5. Even though Ms. Vaidyanathan’s stint as Secretary, Environment and Forests, Tamil Nadu, and Chairperson of the State Pollution Control Board together amounted to only 28 months, the court accepted the contention that her tenure as Health Secretary should also be considered.
  6. The court also observed wryly that it is an entirely different matter whether administrative experience in the second criterion should be regarded as equivalent to “the real expertise” indicated in the clause on qualifications.


Problems in functioning of Tribunals

  1. Tribunals operate under the thumb of parent administrative ministries against whom many of them are meant to pass orders, therefore remaining at their mercy with visible and invisible strings for facilities, infrastructure and also rule-making.
  2. The secretary of the said Ministry sits on the panel for selecting and reappointing the adjudicating members and also has a role to play in disciplinary committees.
  3. For instance, the defence secretary is a part of the committee for selection and re-appointment of members of the Armed Forces Tribunal, and the said secretary is that very officer against whom all tribunal orders are to be passed.
  4. Under the garb of providing cheaper and informal adjudication, appeals have been provided, on very limited grounds, directly to the Supreme Court from some tribunals making access to justice a far call with some litigants accepting injustice rather than challenging orders simply because they cannot afford prohibitive costs of litigation in the apex court.
  5. Persons who at times have served as part of the same ministries are appointed as members and who carry with them their own personal experiences and over-familiarity making justice subjective as compared to judges who bear no such baggage and are trained to be objective.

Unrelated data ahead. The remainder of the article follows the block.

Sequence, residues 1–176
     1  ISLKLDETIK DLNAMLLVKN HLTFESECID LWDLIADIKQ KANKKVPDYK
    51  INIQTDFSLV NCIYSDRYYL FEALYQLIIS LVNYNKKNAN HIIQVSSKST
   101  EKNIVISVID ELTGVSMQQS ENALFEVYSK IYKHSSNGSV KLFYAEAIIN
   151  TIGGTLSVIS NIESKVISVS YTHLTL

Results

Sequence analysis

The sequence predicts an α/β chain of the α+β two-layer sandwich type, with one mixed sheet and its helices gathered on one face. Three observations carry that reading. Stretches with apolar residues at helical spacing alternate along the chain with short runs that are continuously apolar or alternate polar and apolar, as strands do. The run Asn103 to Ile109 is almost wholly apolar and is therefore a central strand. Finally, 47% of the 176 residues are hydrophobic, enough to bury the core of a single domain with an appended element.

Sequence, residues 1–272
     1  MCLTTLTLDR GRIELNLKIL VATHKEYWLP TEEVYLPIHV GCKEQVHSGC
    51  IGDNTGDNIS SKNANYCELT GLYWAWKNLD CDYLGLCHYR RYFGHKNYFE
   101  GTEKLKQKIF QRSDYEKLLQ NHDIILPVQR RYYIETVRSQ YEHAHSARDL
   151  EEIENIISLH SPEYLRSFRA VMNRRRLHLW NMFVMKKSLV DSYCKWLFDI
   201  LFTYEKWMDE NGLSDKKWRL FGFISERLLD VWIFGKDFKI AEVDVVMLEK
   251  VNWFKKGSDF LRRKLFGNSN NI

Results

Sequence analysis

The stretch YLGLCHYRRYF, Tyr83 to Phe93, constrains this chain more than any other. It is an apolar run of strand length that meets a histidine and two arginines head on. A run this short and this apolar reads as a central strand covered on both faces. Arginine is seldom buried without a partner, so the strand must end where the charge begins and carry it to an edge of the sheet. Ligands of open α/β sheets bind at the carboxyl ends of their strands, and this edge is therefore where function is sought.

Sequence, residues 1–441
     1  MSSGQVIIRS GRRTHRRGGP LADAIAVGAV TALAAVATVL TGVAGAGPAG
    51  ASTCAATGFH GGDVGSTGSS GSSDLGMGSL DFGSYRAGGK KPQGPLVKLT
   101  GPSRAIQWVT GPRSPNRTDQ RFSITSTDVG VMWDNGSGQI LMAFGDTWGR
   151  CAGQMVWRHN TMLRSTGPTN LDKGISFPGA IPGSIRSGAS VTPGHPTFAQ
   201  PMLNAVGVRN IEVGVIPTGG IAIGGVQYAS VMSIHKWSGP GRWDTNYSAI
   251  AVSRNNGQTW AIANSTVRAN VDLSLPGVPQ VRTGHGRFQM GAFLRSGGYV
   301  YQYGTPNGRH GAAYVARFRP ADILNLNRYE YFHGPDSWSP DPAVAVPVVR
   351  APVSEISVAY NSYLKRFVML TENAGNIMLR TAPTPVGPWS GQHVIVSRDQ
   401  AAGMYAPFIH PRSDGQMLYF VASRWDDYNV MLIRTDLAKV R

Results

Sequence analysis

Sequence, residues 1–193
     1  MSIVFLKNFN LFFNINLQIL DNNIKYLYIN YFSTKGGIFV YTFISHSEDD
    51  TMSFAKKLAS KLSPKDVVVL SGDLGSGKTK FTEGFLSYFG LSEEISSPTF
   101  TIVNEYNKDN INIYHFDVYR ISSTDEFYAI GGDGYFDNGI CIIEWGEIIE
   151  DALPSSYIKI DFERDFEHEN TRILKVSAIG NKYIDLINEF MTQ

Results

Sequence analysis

6. A majority of non-judicial members are not legally qualified and hence are not even eligible to appear before such tribunals while they are allowed to exercise judicial functions while sitting on the bench.
  7. Some tribunals are not even vested with powers of civil contempt thereby leaving them toothless qua enforcement.



Considering the ineffectiveness of tribunals in the past there is a need to look for alternative dispute redressal mechanism, something which goes beyond formal structure – yet is guided by the rule bound and predicted path.

The court rightly declined to interfere with the appointment, as the equivalence found in the rules falls under the domain of Parliament.

At a time when the need, relevance and composition of tribunals are under judicial scrutiny, and the Centre itself has abolished some of them, it would be salutary if the government spelt out with clarity, as the court has suggested, the extent to which a bureaucrat’s involvement in environmental matters could be regarded as equivalent to expertise.

It should also show greater urgency in implementing earlier Supreme Court directions to constitute a National Tribunals Commission to supervise the appointment and functioning of tribunals.

Community-based approach herein can help resolve water related disputes effectively, amicably and sustainably.